Yesterday TerRio Harshaw, the six-year-old Vine sensation known for his playfully hypnotic dance and habit-forming catchphrase ("Ooh Kill'em"), signed a deal with William Morris Endeavor, the well-known Hollywood talent agency. The news, which spread across Twitter, was initially announced on Instagram. In a photo, TerRio is flanked by WME agents and representatives from Tha Lights—the management company that handles all of his affairs— and the caption reads: "TV show sold and we just signed to William Morris Endeavor!! #LifeIsGreat".
Looking at the photo, TerRio's plump frame bursting through his too-small suit, the #FreeTerrio hashtag seemed more appropriate.
If you have been following TerRio since the first "Ooh Kill'em" was uttered last June, his signing with WME is not a complete shock. In the previous year, the Riverdale, Georgia resident has been one of the most captivating figures on social media. The boy who just wanted to have fun became a business overnight: personal appearances at various events ($8,000 each!), posing with rappers and athletes for photos, appearing on talk shows, filming a music video, and releasing an album (which is said to drop this summer and feature Young Jeezy, Soulja Boy and Migos).
This story, of course, is a familiar one. TerRio is part of a group of child celebrities who found fame via the internet or television; children who became brands before they ever finished elementary school. Before TerRio there was Alana "Honey Boo Boo" Thompson, the child beauty pageant contestant turned reality TV starlet. Her little-girl sass coupled with her fun-natured innocence was a thousand GIFs waiting to happen. Her show, Here Comes Honey Boo Boo, will air its fourth season later this year on TLC. And before Here Comes Honey Boo Boo there were other shows that, for better or worse, cast kids in front of a national audience: 19 Kids and Counting, Toddlers & Tiaras, Dance Moms, and John & Kate Plus 8, among others. TerRio's stardom only differs slightly, in that his is one of the first to have been fully birthed and formed through social media.
"In the end, it's hard to say with any certainty whether the pros of the money TerRio's family has made from his unexpected fame will outweigh the problems that come with an untested new form of child stardom," Allie Conti wrote for the Miami New Times in April. This is a concern many have had from the very beginning. As TerRio's star, and those like him, has risen, how has he been able to stay grounded? And the questioning only intensified as the months labored on and more and more videos and images of him popped up on the internet. Does TerRio attend school anymore? Where are his parents? Why is he gaining so much weight? Is he still getting a chance to be a kid? Does TerRio even want any of this? At one point, there was a Change.org petition that attempted to get TerRio "back in school and out of the clutches of social network fame."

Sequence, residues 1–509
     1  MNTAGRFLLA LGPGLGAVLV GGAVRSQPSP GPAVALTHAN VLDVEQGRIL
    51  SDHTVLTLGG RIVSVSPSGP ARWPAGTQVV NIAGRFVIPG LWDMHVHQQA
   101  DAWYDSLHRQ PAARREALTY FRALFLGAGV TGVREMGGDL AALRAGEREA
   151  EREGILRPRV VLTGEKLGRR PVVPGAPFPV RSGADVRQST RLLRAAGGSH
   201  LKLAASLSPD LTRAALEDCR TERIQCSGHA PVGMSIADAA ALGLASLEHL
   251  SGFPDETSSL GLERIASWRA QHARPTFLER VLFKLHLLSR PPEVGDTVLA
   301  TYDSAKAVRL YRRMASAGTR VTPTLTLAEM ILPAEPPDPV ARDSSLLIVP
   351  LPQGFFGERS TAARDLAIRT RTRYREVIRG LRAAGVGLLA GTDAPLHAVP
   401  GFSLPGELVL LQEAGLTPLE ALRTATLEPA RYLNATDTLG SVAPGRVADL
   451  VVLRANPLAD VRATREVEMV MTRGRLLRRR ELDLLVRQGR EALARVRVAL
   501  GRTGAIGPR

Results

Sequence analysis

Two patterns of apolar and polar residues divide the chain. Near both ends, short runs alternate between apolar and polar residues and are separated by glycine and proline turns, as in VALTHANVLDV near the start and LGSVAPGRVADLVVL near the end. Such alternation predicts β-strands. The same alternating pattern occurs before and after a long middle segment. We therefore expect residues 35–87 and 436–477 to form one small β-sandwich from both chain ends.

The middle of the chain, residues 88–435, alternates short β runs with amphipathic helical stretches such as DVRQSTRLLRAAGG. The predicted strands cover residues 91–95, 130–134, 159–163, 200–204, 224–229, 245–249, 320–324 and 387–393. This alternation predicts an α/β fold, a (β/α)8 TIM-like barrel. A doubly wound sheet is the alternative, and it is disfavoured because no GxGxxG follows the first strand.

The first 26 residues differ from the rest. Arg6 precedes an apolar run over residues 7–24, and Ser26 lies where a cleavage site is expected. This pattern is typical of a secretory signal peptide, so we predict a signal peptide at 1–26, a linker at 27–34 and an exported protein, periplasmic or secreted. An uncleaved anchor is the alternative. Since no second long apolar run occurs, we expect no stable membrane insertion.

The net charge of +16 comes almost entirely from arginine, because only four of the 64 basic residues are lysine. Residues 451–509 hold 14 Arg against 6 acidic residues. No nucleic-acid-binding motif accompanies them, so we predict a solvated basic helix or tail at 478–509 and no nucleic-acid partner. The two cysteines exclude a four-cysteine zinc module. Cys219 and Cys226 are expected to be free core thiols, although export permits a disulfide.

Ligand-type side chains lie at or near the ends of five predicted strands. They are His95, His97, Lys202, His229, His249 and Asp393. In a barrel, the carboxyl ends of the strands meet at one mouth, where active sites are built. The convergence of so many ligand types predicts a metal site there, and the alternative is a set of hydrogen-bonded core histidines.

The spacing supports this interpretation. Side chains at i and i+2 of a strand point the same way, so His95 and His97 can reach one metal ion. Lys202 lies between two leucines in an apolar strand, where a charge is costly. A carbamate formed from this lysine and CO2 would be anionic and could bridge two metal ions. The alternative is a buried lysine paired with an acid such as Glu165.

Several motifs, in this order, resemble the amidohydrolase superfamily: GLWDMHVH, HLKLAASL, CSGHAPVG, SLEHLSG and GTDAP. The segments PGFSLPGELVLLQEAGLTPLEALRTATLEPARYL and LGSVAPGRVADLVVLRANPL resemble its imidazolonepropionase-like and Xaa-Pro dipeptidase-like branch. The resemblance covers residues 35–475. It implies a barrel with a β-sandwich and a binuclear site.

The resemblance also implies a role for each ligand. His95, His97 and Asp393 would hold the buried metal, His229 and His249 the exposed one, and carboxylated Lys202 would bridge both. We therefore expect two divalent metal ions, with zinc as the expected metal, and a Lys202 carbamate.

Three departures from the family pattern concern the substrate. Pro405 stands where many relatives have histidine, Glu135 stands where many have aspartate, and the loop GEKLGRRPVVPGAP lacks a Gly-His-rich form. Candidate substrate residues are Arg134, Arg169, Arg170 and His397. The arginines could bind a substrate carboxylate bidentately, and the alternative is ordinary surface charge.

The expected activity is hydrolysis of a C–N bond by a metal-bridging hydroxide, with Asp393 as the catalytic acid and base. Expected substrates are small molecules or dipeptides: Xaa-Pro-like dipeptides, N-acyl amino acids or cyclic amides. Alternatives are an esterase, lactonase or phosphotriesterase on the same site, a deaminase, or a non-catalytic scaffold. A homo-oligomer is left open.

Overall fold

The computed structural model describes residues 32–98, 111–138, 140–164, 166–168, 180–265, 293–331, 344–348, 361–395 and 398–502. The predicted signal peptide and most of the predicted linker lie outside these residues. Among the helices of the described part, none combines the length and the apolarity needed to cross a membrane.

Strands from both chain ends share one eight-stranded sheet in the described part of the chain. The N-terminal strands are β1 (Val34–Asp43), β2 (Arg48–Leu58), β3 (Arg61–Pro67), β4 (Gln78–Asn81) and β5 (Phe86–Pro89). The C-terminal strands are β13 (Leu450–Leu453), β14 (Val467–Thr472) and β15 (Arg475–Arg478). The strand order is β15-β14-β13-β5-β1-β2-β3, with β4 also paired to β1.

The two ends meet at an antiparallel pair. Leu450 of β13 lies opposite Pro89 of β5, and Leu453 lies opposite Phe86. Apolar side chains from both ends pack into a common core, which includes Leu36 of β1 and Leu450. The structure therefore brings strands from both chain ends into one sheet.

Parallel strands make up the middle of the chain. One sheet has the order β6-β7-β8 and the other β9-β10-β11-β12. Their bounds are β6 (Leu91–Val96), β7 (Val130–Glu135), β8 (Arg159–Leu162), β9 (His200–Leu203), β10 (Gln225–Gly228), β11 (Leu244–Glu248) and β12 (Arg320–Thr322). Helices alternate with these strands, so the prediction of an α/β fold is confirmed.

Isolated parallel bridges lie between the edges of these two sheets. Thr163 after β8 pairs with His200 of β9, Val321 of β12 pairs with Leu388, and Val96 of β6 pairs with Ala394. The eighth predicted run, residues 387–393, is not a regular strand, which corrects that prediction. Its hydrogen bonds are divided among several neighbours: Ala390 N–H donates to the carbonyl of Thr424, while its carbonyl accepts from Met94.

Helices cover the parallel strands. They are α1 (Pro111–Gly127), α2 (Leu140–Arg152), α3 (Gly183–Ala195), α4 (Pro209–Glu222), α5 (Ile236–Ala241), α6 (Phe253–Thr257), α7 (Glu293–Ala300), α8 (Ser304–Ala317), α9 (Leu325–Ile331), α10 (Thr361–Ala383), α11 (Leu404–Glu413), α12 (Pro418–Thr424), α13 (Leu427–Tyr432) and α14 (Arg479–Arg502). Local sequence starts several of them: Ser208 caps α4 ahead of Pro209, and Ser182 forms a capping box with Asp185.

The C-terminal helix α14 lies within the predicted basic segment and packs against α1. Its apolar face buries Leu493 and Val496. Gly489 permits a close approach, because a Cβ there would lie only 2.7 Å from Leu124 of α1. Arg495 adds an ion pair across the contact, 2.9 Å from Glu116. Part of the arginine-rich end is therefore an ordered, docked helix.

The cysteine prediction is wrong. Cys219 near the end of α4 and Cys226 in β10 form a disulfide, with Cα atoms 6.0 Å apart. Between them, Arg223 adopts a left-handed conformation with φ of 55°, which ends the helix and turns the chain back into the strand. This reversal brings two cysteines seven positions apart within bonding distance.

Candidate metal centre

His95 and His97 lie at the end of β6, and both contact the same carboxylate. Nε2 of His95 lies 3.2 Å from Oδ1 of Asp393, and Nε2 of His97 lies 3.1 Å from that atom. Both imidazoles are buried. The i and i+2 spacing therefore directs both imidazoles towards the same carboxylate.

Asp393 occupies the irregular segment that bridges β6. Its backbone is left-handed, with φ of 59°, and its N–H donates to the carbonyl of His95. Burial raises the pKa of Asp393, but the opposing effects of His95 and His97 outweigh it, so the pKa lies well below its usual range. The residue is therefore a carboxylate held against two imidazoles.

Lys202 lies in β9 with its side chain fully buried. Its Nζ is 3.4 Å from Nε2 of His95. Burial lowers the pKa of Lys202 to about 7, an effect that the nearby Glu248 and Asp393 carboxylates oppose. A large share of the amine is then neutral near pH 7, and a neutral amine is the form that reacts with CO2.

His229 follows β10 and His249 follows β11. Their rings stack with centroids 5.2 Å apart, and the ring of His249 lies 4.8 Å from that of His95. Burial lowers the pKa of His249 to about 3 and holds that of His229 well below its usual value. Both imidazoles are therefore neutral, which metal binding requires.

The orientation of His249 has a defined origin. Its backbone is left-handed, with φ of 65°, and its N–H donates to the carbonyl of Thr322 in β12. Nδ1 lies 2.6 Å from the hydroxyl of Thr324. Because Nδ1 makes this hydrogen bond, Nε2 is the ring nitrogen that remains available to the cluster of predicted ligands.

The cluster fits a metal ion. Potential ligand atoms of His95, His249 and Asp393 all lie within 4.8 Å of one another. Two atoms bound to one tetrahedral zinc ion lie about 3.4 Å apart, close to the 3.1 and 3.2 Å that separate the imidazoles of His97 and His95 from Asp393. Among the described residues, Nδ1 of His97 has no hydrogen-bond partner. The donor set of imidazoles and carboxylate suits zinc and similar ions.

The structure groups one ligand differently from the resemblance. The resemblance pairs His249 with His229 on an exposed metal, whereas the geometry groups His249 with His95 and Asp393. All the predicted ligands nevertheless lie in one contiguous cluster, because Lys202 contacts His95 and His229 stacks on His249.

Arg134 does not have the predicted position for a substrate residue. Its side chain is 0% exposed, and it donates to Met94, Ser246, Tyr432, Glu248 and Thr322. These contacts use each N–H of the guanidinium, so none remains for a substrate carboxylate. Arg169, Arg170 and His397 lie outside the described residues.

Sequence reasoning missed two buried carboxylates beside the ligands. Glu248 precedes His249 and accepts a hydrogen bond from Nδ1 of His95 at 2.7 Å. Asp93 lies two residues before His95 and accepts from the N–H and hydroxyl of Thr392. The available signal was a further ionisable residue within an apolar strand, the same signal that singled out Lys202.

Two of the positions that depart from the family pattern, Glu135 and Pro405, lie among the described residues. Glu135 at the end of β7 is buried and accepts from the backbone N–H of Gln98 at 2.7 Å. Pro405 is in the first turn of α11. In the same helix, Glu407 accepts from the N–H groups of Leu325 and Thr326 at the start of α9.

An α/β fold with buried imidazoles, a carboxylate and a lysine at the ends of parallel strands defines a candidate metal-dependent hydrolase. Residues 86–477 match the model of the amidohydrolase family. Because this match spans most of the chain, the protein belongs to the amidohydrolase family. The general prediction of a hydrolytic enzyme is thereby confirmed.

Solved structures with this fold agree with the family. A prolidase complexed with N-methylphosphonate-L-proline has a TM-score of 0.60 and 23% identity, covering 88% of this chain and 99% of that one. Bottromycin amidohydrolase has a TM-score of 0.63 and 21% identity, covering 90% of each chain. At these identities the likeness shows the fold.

Earlier, looking at TeRio's Instagram announcement, I wondered who was really at fault here. We had turned a silly dance and a six-year-old kid from Georgia into a money-making enterprise. Was his mother to blame? Or maybe Maleek Taylor, TerRio's neighbor who originally uploaded the video to Vine, was at fault. Perhaps it was Herbert Battle, CEO of Tha Lights and TerRio's manager (I contacted Battle via email, but he has yet to respond). Or maybe it was someone else, someone who had yet to show their face and take responsibility for this young black boy who had seemingly spiraled out of our hands right before us? But I already knew the answer. I had, thanks to an easy click on Facebook or share on Twitter, as had many of you, helped propel TerRio into a spotlight that, now looking at everything that has transpired, I don't know if he ever really wanted in the first place. Or, worst of all, even understands.
[Image via Getty]